"You are Camalac? You once saved me from my own folly." The man nodded, remembering the muddy hole the young boy had fallen into in the woods above Imladris. Aragorn looked closely at him. "You knew who I was then, didn't you? You called me 'my lord'." The soldier nodded again. "Thank you for that." Camalac, won over by the boy a decade before, fervently pledged his loyalty and devotion.
Then each of the Dúnedain, young and old, male and female, bowed before him and swore to uphold the heir of kings and to die if required in the quest to banish evil and return him to the throne. Such power was heady sustenance for one so young, and Aragorn sat uncomfortably during it, feeling unworthy as each of the proud Rangers came to him, bowed before him, and placing their hands on his father's sword, made their oath. Mostly, he felt undeserving of the title "Aranya*" they spoke. The ceremony of fealty ended, but no one left the hall; they watched him expectantly.
"Dúnedain!" He stood and spoke what he thought would be a short phrasing of his unworthiness. "My people, you seek to honor me in a way I have not earned. You who have fought for years defending the North without acknowledgement or gratitude, I tell you now, your faith will not be squandered and your trust in me will be upheld. I will do what I must to see the evil one defeated and the kingdom and honor of men restored. Et Eärello Endorenna utúlien. Sinome maruvan ar Hildinyar tenn' Ambar-metta!**"
Silence filled the hall a moment and even Aragorn was startled by his speech, especially the words of Elendil that had come into his mind unbidden. Suddenly Halbarad's cheer rang out, immediately joined by every other voice.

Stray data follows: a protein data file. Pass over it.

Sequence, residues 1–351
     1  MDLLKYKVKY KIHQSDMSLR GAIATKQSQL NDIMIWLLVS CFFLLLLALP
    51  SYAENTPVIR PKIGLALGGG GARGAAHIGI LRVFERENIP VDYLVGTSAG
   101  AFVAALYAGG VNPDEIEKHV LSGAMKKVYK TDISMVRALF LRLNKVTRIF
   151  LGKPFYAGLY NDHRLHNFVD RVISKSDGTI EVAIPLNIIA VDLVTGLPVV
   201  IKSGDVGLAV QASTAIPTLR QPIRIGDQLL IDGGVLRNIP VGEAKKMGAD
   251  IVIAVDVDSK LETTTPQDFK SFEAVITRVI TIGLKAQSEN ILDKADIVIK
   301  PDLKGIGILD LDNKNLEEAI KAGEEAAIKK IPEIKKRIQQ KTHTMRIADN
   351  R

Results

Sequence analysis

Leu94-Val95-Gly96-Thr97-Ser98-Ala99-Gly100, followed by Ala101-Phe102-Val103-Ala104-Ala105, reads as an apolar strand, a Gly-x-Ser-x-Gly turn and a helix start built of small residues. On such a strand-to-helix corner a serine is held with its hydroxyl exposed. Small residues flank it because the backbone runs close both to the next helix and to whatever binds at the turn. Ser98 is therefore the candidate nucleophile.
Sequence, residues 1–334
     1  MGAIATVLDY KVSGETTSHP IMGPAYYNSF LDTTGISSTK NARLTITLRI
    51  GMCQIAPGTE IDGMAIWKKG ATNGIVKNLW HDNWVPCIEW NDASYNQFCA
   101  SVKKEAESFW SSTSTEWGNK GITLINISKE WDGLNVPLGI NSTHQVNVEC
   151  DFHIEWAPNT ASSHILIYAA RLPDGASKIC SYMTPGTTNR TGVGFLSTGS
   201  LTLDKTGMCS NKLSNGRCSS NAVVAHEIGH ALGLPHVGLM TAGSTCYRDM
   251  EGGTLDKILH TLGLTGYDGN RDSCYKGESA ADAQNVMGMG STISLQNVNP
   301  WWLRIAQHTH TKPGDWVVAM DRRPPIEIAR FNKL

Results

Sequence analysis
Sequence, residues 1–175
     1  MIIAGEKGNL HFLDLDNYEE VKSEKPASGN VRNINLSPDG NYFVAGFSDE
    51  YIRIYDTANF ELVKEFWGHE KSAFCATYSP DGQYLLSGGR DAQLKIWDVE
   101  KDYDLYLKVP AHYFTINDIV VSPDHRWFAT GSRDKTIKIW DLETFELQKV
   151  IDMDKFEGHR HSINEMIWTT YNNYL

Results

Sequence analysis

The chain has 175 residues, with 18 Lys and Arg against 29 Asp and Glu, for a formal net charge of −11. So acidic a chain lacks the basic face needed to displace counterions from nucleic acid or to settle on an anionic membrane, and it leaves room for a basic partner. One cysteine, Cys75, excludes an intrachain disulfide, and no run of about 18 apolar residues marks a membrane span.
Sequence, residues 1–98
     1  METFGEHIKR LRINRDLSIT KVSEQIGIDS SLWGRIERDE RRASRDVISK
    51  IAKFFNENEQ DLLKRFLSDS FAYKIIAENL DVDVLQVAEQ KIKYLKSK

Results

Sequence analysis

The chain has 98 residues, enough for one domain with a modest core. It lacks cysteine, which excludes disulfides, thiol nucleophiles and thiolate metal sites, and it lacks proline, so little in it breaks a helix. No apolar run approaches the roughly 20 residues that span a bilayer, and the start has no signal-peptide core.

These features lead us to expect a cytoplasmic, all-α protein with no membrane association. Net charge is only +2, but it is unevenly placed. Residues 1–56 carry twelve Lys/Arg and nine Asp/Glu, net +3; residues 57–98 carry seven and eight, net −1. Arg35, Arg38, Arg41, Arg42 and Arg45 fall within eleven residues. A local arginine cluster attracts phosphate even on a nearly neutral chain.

"A Aragorn! Aranya i Dúnedain!" The thunderous approbation of the hall was deafening and Aragorn smiled broadly, overwhelmed that these strong, brave people would accept him without question.
"Do you drink, my lord?" the older man asked. He thumped both mugs down and sat, not waiting for an answer. "That was a fine speech."
"I had not planned on giving it; it simply came out," Aragorn said ruefully. He turned serious. "You plot as well as Elrond for my future, Halbarad. And I believe you both conspired to set these goals for me. Why have I not seen you sooner at Imladris?" It was Halbarad's turn to grin.
"But I saw you. Many times I stood on the balcony of the Lord Elrond's study with him and G---er, watching you at play or training. Aye, boy, I've kept my eye on you as I promised your father I would at your birth. You've grown up well; now comes your seasoning."
Aragorn laughed. "I'm sure you've plans for that which are painful but will teach me lessons I deserve to learn." He tapped his mug to Halbarad's.
"Go drink with the men," his captain advised. "They want a bit of time to get to know their leader." The Rangers were toasting each other and long dead friends, and had drunk enough already to warmly welcome the Dúnadan as they would a long-separated comrade. They shifted over, making room on the benches, and vied to keep his mug brimming. The room grew hazy with pipe smoke and Aragorn grew hazy from the never-empty mug in his hand. Except at winemaking time, he had never drunk enough to feel the intoxicating effect of spirits and now his head spun. Even so, all seemed quite right with the world.
When the inevitable stories began, Aragorn listened intently. The tales soon came to the story of Arathorn's death. Silence fell as Aldurund, grayed with over one hundred summers, began the telling. With shining eyes, he told of orc raids and a leader set on stopping them, of the swift gallop through the pine forest south of the Great Road to reach Rivendell; the outnumbered Rangers riding into an ambushing pack of brutal orcs, fighting desperately and finally overwhelming them with sheer daring and skill.